Diversity in film industry is good for business, community


“Let’s face it. The industry does not crave a female sound,” stated the dad, to his talented and frustrated daughter, who was seeking film industry work in the 2013 film, “In a World.” The film had a happy ending, but the fictional dad’s statement reflects a damaging, real-world, film industry belief: Audiences are not interested in films by, for and about women, and investment in those films is a bad bet.

Screenwriter Jennifer Kesler blogged that her UCLA screenwriting professors lectured her against writing scripts that featured “at least two named female characters, who talk to each other, about something other than a man.” Another instructed, “The audience only wants white, straight, male leads.” (Really? That would exclude screen representation and role models for more than 68 percent of Alaskans.)

Another industry pro told her, “The audience doesn’t want to listen to a bunch of women talking about whatever it is women talk about.” That may seem true based on box office grosses, but recent data proves otherwise.

The Center for the Study of Women in Television and Film (CSWTF) at San Diego State University researches and provides analysis on diversity in the film industry. Their 2008 study reported that a major studio president allegedly announced his company will no longer produce films with female leads and indicated women-led films “are bad box office bets.”

The researchers responded, “This conclusion ignores the influence of the size of the budget on box office grosses.” In fact, the study established that when comparing films with similar-sized budgets, films “with larger budgets generate larger grosses, regardless of the sex of the protagonist” and because executives usually give larger budgets to films that feature male leads, more films featuring male leads earn larger box office grosses.

Despite that fact, the newly released, CSWTF study of 2014’s top 100 grossing films found just 12 percent of protagonists were female. That’s a drop of three points from 2013, and four points from 2002.

The study also found that in films with exclusively male directors and writers, 4 percent featured female leads, 87 percent featured male leads, and 9 percent featured female/male ensemble leads. But in stark contrast, in films with at least one woman director and/or writer, 39 percent featured female leads, 35 percent featured male leads and 26 percent featured male/female ensemble leads. These findings strongly suggest women are deliberately excluded from on-screen attention when men run the show.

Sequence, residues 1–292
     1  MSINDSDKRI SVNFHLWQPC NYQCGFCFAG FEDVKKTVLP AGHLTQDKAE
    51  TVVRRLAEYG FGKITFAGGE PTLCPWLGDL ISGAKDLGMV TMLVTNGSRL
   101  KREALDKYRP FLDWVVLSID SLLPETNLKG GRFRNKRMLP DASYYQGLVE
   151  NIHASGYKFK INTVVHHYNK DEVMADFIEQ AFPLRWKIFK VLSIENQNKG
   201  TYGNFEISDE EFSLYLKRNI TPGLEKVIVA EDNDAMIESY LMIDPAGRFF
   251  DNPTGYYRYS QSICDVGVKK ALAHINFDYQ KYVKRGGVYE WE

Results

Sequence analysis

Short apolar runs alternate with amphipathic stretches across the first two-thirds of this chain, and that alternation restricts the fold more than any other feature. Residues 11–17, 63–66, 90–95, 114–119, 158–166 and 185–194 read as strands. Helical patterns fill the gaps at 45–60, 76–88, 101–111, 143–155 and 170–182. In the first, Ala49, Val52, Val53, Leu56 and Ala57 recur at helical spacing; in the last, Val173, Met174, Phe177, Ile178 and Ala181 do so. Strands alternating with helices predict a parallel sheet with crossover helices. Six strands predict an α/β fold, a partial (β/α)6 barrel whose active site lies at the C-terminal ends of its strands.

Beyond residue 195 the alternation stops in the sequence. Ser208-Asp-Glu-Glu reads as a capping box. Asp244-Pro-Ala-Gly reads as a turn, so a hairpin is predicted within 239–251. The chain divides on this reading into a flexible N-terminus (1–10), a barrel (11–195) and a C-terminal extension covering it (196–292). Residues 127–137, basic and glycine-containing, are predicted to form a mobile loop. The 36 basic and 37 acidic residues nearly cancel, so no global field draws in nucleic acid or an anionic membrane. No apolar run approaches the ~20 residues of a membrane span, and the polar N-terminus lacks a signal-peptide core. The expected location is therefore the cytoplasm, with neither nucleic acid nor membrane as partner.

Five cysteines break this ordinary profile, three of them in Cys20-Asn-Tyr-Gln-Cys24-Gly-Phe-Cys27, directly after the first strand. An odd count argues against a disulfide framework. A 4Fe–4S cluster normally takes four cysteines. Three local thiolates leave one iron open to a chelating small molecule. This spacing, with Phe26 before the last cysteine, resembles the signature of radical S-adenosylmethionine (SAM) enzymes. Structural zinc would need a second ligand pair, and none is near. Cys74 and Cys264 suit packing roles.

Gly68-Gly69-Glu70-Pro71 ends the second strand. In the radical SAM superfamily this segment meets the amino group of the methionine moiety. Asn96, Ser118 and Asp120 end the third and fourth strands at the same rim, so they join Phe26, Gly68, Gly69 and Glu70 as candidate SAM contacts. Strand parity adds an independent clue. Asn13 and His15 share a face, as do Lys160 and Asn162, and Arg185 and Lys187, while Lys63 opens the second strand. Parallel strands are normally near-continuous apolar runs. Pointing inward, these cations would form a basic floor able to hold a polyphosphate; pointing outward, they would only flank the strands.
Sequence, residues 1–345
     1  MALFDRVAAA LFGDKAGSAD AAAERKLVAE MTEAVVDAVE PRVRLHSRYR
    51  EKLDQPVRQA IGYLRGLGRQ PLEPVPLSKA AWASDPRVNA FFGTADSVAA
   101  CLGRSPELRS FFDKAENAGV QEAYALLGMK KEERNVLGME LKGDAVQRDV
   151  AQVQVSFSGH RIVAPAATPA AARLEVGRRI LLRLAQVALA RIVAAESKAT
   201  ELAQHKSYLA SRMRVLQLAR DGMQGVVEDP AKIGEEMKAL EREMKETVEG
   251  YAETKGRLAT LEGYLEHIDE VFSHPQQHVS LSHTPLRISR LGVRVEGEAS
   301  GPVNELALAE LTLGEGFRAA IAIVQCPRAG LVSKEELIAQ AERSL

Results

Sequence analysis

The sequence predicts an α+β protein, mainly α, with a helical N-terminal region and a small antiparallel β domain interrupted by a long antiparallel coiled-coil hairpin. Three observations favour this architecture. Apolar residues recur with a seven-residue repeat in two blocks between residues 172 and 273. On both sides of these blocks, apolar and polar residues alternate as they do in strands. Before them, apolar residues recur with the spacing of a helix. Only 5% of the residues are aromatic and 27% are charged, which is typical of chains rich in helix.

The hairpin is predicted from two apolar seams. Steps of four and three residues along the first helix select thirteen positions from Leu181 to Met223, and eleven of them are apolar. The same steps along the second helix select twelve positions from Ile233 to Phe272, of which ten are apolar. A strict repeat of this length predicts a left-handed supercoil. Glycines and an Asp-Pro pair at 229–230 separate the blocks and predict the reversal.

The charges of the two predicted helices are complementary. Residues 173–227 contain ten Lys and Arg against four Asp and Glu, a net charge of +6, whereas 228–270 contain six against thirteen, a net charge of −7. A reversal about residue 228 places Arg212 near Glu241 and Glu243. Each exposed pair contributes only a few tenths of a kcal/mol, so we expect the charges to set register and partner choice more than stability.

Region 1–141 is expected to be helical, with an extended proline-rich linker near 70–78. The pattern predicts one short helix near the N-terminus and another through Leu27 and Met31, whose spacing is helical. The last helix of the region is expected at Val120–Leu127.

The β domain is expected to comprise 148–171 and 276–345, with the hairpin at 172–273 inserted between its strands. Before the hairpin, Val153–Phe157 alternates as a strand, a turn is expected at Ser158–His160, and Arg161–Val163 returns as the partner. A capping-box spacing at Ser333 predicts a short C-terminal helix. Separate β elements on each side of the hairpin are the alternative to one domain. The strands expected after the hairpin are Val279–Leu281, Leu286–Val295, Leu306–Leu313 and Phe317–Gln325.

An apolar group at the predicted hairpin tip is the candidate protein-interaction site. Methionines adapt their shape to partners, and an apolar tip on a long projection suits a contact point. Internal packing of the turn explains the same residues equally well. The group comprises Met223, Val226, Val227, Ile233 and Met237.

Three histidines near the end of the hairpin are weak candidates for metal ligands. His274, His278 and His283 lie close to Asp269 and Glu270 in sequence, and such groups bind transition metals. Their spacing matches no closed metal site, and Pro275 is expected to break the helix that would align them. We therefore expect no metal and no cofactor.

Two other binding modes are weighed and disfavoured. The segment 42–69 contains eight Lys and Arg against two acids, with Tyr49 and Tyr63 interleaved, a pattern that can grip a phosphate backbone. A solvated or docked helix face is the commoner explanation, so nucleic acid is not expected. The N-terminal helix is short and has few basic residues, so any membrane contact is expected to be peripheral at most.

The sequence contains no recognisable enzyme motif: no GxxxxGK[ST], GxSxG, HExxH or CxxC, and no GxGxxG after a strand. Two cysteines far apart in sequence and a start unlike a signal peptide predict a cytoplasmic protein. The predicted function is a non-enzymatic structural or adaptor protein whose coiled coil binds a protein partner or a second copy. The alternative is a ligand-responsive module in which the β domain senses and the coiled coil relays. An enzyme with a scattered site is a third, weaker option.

CSWTF’s 2014 behind-the-scenes employment findings also indicate many film industry executives make across-the-board decisions that exclude women from lucrative careers in filmmaking: “Women fared best as producers (23 percent), followed by executive producers (19 percent), editors (18 percent), writers (11 percent), directors (7 percent), and cinematographers (5 percent).”

Of course, we need to work to change this injustice. Protecting equal employment opportunity is important because employment discrimination is illegal, unethical, and its resulting socio-economic damage impacts all of our lives, our culture and our community. We also must demand proportionate media representation for our highly diverse groups of citizens.

In his article, “Hollywood and Diversity: How the Media Informs Social Identities”, Duncan Stewart said it very well: “Movies and TV have power to construct the (traditional) aesthetic of American society more than any form of media” as well as shape our identity and influence our value and understanding of ourselves and others. The studies indicate that millions of American women and other protected classes of people are unjustly excluded from employment and representation in films. As Stewart stated, that underrepresentation sends relentless, daily messages to millions of Americans (and over 68 percent of Alaskans) that they “are not worthy of being anything other than a sidekick because no one like them is ever a protagonist of a story worth telling.”

The National Organization for Women’s mission is to always work to eradicate discrimination and promote diversity because it is in the best interests of the common good, for business and our people. But everyone can work to even up economic opportunity as well as increase honest media representation of our diverse culture by sending the industry messages of support and by our own mindful purchasing decisions as consumers.

Barbara McDaniel is President of the Alaska National Organization for Women (NOW) chapter.

http://www.frontiersman.com/opinions/spectrum/diversity-in-film-industry-is-good-for-business-community/article_3e1125f2-cec0-11e4-8fa9-73043be613ba.html

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